The U.S. Navy officially announced Saturday (14 January) that it has been operating a commando-type?
The U.S. Navy officially announced Saturday (14 January) that it has been operating a commando-type unit, known as the "Seals", in Viet Nam and elsewhere in southeast Asia for the past three years. The unit was created in 1962.
It is similar to the U.S. Army's Special Forces, which is expert in guerilla activities. But there is one thing that distinguishes the Seals from their Army counterpart. They are all expert underwater demolition men.
To announce its existence in Viet Nam, the Navy had a "Seals" group stage a special demonstration for the news media near a secret base in South Viet Nam.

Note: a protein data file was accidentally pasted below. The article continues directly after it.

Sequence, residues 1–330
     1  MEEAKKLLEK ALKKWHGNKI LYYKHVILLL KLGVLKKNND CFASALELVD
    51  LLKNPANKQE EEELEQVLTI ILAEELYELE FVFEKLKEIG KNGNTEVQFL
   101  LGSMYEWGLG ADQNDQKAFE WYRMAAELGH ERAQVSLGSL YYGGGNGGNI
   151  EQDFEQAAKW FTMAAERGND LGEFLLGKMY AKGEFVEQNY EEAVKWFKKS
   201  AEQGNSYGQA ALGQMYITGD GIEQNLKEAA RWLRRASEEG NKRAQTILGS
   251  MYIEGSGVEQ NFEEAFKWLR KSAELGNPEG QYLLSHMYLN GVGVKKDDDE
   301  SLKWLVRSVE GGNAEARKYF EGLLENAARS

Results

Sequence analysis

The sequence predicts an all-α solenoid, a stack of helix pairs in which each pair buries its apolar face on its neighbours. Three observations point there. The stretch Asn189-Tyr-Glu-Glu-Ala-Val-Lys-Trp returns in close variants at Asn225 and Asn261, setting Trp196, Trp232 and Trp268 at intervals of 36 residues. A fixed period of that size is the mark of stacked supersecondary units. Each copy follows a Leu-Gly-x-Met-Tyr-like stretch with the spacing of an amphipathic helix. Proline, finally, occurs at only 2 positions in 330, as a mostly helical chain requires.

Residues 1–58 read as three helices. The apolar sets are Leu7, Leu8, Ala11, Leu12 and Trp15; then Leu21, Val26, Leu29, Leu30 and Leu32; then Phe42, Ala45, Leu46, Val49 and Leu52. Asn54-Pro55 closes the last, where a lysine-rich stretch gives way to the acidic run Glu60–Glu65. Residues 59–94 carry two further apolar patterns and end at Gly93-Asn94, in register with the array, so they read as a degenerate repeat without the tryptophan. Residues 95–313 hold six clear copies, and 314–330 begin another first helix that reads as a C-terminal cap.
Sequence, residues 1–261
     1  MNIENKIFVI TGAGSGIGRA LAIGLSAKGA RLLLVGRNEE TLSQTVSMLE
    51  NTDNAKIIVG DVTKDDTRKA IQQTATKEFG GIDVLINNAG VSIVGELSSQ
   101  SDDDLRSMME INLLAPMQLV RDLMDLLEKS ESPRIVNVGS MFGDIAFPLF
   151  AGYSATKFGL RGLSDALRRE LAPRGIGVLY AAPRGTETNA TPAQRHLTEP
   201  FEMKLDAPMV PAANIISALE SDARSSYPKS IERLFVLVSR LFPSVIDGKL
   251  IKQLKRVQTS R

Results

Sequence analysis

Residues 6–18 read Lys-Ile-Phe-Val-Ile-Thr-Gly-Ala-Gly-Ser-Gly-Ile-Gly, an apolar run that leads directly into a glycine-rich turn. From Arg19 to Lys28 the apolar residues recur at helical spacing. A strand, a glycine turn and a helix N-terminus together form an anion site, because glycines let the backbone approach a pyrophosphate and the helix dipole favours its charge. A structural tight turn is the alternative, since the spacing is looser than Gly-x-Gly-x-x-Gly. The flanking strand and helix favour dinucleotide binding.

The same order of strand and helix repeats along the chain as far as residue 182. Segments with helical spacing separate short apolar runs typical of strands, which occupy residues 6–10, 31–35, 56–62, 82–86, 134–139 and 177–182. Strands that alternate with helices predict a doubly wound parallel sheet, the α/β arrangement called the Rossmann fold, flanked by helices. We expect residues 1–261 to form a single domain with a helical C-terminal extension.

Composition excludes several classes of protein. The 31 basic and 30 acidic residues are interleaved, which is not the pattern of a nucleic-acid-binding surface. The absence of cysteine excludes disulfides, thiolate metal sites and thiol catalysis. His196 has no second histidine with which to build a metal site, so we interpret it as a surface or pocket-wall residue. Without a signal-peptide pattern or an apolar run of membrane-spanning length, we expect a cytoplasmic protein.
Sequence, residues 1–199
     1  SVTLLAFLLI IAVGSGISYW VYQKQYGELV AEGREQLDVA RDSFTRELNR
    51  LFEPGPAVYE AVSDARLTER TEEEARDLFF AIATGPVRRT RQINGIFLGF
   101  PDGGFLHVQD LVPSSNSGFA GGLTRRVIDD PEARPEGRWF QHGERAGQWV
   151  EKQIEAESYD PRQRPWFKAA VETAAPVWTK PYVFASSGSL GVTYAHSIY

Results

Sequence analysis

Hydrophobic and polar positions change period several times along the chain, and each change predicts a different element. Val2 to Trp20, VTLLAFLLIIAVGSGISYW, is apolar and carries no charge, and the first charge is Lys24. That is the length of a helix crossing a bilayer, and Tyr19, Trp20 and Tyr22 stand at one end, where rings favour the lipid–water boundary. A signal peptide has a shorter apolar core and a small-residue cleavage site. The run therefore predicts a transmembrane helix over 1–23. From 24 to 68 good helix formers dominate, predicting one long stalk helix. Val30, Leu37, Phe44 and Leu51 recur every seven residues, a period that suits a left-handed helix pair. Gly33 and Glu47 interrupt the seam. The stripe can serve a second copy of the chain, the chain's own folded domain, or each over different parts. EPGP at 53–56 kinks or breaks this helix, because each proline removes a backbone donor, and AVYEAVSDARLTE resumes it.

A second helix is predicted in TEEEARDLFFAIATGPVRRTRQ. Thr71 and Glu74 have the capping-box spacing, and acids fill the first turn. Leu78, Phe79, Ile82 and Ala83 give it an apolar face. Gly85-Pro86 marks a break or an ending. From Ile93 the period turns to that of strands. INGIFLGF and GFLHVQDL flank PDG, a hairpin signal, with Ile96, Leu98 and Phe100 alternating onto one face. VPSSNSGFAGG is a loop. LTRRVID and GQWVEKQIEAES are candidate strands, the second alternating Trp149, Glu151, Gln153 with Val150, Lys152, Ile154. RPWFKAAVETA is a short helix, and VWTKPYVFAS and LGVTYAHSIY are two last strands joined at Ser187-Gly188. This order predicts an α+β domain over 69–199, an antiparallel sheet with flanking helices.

Besides being expert "frogmen", they are qualified parachutists and combat infantrymen. It takes about 30 months to train a "Seal."
They receive a considerable amount of extra money for their hazardous duty.
Their primary responsibility in Viet Nam is to gather intelligence, capture important prisoners and help in the rescue of downed U.S. pilots.
The Navy says more than 200 of these tough commando fighters are involved in the Viet Nam war. So far, they've suffered only very light casualties.